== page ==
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# How do buffers work?

Let us compare the changes in pH that occur on the addition of equal amounts of strong acid or strong base to pure water at pH 7 and to a buffer solution at pH 7.

## How do buffers work?

Let us compare the changes in pH that occur on the addition of equal amounts of strong acid or strong base to pure water at pH 7 and to a buffer solution at pH 7. If 1.0 mL of 0.1 M HCl is added to 99.0 mL of pure water, the pH drops drastically. If the same experiment is conducted with 0.1 M NaOH instead of 0.1 HCl, the pH rises drastically (Figure 2.14).

The results are different when 99.0 mL of buffer solution is used instead of pure water. A solution that contains the monohydrogen phosphate and dihydrogen phosphate ions, HPO42- and H2PO4-, in suitable proportions can serve as such a buffer. The Henderson–Hasselbalch equation can be used to calculate the HPO42-/H2PO4- ratio that corresponds to pH 7.0.

For purposes of illustration, let us consider a solution in which the concen-trations are [HPO42-= 0.063 M and [H2PO4-= 0.10 M;this gives the conjugate base/weak acid ratio of 0.63 seen previously. If 1.0 mL of 0.10 M HCl is added to 99.0 mL of the buffer, the reaction

[HPO42-1 H+ ßà H2PO4-

takes place, and almost all the added H+ will be used up. The concentrations of [HPO42-] and [H2PO4-] will change, and the new concentrations can be calculated.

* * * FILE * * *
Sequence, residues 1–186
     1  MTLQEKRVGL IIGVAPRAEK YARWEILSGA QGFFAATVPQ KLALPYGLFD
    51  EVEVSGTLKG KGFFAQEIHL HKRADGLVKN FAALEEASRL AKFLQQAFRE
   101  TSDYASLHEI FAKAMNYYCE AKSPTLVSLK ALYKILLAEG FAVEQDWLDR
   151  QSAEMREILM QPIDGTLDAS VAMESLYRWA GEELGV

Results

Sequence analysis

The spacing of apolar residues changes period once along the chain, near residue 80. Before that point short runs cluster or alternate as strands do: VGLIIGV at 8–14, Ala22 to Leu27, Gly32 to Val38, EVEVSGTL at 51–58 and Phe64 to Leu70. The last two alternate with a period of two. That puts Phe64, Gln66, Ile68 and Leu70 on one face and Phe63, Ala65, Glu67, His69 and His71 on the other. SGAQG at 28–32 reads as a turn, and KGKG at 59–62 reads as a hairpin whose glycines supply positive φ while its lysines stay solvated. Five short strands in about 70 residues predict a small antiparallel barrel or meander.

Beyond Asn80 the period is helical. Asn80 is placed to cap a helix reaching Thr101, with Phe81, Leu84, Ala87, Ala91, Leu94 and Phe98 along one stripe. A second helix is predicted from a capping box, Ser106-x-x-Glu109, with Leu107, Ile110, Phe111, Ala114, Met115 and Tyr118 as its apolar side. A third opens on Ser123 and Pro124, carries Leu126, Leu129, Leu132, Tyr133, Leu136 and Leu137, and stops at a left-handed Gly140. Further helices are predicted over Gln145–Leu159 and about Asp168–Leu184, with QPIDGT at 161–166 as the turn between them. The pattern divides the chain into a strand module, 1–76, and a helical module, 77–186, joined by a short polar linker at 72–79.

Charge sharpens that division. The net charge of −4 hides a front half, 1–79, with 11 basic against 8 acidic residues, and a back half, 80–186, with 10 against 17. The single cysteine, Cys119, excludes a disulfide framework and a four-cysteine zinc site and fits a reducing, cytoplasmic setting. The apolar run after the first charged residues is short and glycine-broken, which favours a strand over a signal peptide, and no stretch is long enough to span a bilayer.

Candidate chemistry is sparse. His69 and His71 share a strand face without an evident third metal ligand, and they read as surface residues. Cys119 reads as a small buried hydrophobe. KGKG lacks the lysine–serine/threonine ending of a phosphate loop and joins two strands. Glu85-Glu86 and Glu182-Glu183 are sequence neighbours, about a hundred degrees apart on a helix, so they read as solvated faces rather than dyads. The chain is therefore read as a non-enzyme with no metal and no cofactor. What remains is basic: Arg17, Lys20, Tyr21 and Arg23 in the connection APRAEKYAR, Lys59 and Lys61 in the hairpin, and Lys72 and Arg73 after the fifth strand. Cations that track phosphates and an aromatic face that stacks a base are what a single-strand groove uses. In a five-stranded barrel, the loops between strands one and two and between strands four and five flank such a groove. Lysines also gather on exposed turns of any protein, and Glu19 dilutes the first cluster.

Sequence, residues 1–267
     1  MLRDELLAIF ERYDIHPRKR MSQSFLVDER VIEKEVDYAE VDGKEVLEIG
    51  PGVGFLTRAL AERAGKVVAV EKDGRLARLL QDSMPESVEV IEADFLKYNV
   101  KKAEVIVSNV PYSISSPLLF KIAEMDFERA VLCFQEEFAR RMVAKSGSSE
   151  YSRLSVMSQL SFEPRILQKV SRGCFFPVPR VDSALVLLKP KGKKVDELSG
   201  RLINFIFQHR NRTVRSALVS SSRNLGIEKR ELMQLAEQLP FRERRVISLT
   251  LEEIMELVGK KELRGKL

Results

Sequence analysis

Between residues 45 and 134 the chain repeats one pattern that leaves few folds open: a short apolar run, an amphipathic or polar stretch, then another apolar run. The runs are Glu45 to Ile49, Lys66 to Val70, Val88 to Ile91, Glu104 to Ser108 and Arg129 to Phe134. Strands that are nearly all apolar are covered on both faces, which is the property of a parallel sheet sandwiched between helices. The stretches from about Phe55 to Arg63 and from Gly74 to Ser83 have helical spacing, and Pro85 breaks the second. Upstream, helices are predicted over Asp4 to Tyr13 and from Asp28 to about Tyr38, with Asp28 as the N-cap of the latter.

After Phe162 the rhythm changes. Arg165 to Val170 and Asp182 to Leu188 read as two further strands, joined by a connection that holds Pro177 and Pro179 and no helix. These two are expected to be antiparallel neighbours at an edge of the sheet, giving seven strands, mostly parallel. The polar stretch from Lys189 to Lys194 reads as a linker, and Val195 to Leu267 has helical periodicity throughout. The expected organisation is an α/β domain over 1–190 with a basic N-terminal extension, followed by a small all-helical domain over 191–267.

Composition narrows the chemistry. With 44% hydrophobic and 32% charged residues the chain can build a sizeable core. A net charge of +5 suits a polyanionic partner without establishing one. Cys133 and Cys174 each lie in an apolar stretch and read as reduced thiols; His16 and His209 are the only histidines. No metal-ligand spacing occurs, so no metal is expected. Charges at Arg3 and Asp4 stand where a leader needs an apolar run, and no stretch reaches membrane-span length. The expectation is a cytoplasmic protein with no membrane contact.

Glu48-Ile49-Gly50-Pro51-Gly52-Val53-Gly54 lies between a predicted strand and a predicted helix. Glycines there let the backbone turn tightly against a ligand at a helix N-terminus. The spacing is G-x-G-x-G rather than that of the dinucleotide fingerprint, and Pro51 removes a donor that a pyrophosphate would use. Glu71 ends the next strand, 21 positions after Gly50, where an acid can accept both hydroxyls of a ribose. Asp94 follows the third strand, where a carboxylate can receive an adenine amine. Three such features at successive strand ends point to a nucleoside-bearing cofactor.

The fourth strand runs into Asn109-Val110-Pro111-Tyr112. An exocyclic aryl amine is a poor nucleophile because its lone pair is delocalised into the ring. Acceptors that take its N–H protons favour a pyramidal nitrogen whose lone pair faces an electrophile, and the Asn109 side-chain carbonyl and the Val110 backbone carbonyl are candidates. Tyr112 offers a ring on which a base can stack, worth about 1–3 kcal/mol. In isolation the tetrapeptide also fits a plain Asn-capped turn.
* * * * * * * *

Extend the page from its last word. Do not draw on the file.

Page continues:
The new pH can then be calculated using the Henderson-Hasselbalch equation and the phosphate ion concentrations. The appropriate pKais 7.20 (Table 2.6).

The new pH is 6.99, a much smaller change than in the unbuffered pure water (Figure 2.14). Similarly, if 1.0 mL of 0.1 M NaOH is used, the same reaction takes place as in a titration:

Almost all the added OH- is used up, but a small amount remains. Because this buffer is an aqueous solution, it is still true that Kw=[H+][OH-]. The increase in hydroxide ion concentration implies that the hydrogen ion concentration decreases and that the pH increases. Use the Henderson–Hasselbalch equation to calculate the new pH and to convince yourself that the result is pH 5 7.01, again a much smaller change in pH than took place in pure water (Figure 2.14). Many biological reactions will not take place unless the pH remains within fairly narrow limits, and, as a result, buffers have great practical importance in the biochemistry laboratory.

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Biochemistry: Water: The Solvent for Biochemical Reactions : How do buffers work? |